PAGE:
FLOWERING OF THOUGHT: A nation, a prosecutor, and a world court
In 2018, Malacañang announced it was withdrawing the Philippines from the Rome Statute, the law by which the country fell within the jurisdiction of the International Criminal Court (ICC).
Spokespersons and supporters of the administration argued that the statute never took effect in the country because it was not published in our official gazette or in a newspaper of general circulation. The 1987 Constitution mandates this publication for domestic laws to take effect.
It was and is, however, clear to many that the Philippine government’s sheer act of withdrawing as a state party to the Rome Statute implies that it deemed itself bound to the treaty. One does not withdraw from something with which one was not in any way involved.
The Constitution, meanwhile, as pointed out by the Center for International Law stipulates a separate criterion for holding an international treaty effective and valid in the Philippines.
“No treaty or international agreement shall be valid and effective unless concurred in by at least two-thirds of all the members of the Senate,” the Constitution reads.
The Senate registered their concurrence with the instrument of ratification of the Rome Statute in 2011, after then president Benigno Simeon Aquino III signed it. A report on the ratification is extant and accessible in the official website of the Senate of the Republic of the Philippines.
Dated 25 August 2011, the report noted that the Senate’s concurrence with the instrument of ratification signaled “the country’s official entry” into the ICC.
The report noted that the late senator Miriam Defensor-Santiago sponsored the resolution articulating the Senate’s concurrence. Sen. Loren Legarda co-sponsored the resolution, and as reported by the Philippine Daily Inquirer, 17 senators including her and Santiago voted for it.
They are Vicente Sotto III, Jose Estrada, Francis Escudero, Francis Pangilinan, Panfilo Lacson, Gregorio Honasan, Aquilino Pimentel III, Pia Cayetano, Alan Peter Cayetano, Edgardo Angara, Teofisto Guingona III, Ramon Revilla Jr., Ferdinand “Bong-Bong” Marcos Jr. Antonio Trillanes IV, and Manny Villar.
Only then senator Juan Ponce Enrile did not concur with the treaty’s ratification.
So did the Rome Statute become, in the words of the Constitution, “valid and effective” in the Philippines?
If it did not, what statute did the Philippines withdraw from in 2018?
A report in the ICC website notes that on March 17, 2018, the Philippines “deposited a written notification of withdrawal from the Rome Statute, the Court’s founding treaty, with the United Nations Secretary-General as the depositary of the Statute.”
“The Court,” according to the report, “regrets this development and encourages the Philippines to remain part of the ICC family.”
The withdrawal, as per the Rome Statute, took effect on March 17, 2019. The ICC report, however, also noted that “a withdrawal has no impact on on-going proceedings or any matter which was already under consideration by the Court prior to the date on which the withdrawal became effective.”
Such a consideration, “a preliminary examination” to determine whether the Philippines should be investigated was announced by the court on 8 February 2018.
The examination, according to the court’s report was begun to “analyze crimes allegedly committed in this State Party since at least 1 July 2016, in the context of the ‘war on drugs’ campaign” of the Philippine government.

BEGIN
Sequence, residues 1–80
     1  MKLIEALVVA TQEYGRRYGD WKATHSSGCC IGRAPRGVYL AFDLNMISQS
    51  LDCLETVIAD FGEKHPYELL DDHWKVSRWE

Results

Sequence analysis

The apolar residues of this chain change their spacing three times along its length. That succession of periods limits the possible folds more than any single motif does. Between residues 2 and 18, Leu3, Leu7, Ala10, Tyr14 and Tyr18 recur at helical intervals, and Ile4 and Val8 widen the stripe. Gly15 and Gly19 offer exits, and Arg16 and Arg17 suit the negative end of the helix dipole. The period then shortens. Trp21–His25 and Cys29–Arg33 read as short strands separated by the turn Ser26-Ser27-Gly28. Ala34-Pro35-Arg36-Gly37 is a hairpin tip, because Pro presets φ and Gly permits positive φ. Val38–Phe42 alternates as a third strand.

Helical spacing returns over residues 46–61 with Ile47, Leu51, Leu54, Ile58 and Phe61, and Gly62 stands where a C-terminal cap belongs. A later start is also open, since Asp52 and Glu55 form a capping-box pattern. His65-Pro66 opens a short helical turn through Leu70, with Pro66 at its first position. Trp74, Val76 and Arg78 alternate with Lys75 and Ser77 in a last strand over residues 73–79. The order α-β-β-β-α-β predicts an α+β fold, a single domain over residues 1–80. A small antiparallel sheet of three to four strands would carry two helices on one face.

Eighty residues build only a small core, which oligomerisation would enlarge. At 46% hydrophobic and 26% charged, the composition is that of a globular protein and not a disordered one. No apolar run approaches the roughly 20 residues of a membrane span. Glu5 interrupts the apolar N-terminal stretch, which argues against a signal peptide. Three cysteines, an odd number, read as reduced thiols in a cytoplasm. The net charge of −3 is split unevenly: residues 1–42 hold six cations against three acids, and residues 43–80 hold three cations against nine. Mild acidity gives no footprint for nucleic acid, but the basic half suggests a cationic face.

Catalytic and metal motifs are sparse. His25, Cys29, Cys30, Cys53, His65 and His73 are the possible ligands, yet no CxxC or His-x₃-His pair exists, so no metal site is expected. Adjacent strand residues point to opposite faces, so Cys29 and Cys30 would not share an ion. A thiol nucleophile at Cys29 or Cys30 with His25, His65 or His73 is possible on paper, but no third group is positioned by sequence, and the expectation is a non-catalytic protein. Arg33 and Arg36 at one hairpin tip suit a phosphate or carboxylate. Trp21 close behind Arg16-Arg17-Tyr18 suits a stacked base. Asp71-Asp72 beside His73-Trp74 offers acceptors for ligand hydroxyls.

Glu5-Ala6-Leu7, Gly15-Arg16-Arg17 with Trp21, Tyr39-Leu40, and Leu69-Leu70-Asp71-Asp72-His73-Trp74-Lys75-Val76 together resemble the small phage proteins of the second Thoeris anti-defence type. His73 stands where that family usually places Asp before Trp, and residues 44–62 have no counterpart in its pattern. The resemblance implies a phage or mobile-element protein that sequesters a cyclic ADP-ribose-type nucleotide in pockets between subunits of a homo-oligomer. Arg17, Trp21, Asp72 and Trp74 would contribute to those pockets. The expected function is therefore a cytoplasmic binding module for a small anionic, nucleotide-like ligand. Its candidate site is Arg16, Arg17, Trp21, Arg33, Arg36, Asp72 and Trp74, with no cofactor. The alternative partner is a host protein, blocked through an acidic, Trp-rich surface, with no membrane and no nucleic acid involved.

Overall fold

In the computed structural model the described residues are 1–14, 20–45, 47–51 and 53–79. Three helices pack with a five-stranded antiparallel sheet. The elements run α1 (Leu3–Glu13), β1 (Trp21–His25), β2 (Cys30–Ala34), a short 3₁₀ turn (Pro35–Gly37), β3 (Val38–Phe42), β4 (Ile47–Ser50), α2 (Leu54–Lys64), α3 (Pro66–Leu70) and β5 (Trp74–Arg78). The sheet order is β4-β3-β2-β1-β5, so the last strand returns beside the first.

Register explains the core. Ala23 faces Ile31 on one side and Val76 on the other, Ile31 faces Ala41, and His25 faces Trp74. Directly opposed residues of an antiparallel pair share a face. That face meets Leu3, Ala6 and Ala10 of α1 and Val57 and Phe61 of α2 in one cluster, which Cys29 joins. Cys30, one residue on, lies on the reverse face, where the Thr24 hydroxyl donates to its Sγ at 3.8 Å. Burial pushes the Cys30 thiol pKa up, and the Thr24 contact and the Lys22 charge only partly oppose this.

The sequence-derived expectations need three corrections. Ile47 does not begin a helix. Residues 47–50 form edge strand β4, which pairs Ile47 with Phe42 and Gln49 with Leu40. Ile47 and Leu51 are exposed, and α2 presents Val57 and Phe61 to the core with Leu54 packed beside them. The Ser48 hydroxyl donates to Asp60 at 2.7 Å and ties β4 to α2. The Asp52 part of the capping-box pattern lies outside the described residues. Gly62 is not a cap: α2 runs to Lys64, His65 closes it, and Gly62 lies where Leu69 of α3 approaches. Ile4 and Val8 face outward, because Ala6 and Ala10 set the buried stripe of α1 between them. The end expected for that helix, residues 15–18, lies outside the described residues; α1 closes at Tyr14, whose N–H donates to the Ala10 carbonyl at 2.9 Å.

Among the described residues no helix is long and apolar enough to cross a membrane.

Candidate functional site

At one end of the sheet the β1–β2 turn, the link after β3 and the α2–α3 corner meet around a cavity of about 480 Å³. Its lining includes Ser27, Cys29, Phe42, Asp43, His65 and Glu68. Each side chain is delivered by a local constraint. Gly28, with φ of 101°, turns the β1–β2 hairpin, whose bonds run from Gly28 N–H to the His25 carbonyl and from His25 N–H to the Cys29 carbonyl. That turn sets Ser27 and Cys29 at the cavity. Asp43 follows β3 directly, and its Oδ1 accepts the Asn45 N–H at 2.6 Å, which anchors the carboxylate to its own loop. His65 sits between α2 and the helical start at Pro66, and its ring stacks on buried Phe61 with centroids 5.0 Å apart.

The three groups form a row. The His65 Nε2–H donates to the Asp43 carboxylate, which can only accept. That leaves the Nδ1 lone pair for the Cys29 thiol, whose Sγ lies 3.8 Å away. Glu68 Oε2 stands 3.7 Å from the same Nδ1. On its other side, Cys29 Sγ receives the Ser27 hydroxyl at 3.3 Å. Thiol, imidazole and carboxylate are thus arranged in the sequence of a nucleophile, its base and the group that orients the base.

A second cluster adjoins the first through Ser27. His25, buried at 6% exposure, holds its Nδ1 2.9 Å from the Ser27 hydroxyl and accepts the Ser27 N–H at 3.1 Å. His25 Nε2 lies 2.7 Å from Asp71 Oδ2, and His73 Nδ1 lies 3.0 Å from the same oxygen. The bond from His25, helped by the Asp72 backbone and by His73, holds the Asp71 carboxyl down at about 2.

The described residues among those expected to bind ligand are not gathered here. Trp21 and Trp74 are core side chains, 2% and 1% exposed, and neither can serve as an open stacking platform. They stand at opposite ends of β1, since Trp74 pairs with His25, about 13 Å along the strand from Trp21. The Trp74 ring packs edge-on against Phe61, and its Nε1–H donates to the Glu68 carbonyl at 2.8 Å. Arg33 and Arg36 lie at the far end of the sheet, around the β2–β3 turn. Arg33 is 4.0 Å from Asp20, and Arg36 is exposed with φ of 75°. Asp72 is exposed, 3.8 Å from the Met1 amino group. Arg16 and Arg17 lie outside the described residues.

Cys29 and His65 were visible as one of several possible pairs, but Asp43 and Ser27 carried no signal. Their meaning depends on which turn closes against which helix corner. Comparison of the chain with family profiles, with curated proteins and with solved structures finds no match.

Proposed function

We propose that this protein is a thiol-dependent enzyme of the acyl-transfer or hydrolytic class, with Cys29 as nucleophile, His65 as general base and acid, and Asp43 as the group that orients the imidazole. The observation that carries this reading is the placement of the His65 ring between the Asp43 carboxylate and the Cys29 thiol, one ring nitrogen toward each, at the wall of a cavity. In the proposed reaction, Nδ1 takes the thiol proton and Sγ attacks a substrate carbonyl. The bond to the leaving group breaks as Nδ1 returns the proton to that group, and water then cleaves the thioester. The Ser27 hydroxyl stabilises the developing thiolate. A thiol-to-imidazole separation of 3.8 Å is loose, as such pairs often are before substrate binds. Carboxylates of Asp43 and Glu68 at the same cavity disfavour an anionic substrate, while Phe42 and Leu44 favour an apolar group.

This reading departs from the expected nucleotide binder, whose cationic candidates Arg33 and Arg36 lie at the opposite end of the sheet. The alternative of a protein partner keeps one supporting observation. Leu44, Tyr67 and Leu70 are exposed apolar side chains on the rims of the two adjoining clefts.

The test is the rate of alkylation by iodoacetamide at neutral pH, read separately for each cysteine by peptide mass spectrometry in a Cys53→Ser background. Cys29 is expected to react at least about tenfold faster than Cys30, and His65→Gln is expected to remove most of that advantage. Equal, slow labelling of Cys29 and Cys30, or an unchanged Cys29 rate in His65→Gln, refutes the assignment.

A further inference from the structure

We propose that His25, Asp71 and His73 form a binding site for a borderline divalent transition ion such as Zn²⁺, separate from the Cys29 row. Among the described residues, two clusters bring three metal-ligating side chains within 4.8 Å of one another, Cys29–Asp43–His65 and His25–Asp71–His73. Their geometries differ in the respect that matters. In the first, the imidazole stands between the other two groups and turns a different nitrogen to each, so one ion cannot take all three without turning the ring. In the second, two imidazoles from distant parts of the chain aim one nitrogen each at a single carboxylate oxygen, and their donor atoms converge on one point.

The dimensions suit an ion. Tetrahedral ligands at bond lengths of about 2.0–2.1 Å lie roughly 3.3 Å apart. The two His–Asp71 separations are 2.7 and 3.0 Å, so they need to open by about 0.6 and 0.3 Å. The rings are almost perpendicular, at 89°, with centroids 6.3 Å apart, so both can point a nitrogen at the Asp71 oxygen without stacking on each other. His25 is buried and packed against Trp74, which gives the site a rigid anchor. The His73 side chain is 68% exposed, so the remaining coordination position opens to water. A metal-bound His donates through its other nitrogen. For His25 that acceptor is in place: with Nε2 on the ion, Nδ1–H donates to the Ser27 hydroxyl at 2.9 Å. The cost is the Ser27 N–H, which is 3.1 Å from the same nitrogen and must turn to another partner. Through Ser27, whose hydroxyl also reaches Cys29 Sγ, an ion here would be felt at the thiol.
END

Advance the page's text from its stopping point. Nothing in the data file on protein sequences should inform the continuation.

“Specifically, it has been alleged that since 1 July 2016, thousands of persons have been killed for reasons related to their alleged involvement in illegal drug use or dealing,” the report reads.
“While some of such killings have reportedly occurred in the context of clashes between or within gangs, it is alleged that many of the reported incidents involved extra-judicial killings in the course of police anti-drug operations.”
ICC Prosecutor Fatou Bensouda has said that her preliminary examination of the situation in the Philippines continues in spite of its withdrawal from the Rome Statute.
Bensouda’s move is not unprecented. An ICC investigation of alleged crimes against humanity in Burundi continued even when it left the court in 2016.
The ICC does not seek to replace domestic courts in serving justice. It only steps in when a state’s judicial system fails to address crimes of the highest magnitude such as genocide, crimes against humanity, war crimes, and crimes of aggression.
The president of the assembly of states at the global court, O-Gon Kwon has expressed regrets over the withdrawal of the Philippines from the Rome Statute.
“I sincerely hope that the departure of the Philippines from the Rome Statute is only temporary and that it will re-join the Rome Statute family in the future,” Kwon said.
“Encouraging universal adherence to the Rome Statute is key in strengthening our collective efforts to promote accountability for atrocity crimes and the rule of law.”
The South African constitutional court set the precedent for reversal of a government’s decision to leave the international court.
The government of South Africa had notified the United Nations secretary general of the country’s intention to withdraw from the Rome Statute in October 2016. However, the Gauteng High Court in Pretoria, in February 2017 declared the notice of withdrawal unconstitutional and invalid since it was not approved beforehand by parliament.
The Philippine Supreme Court under Chief Justice Lucas Bersamin now has the task of deciding on questions presented to it about the constitutionality and validity of the country’s departure from the ICC, which was not pre-approved by the Senate.
Bensouda is not waiting.
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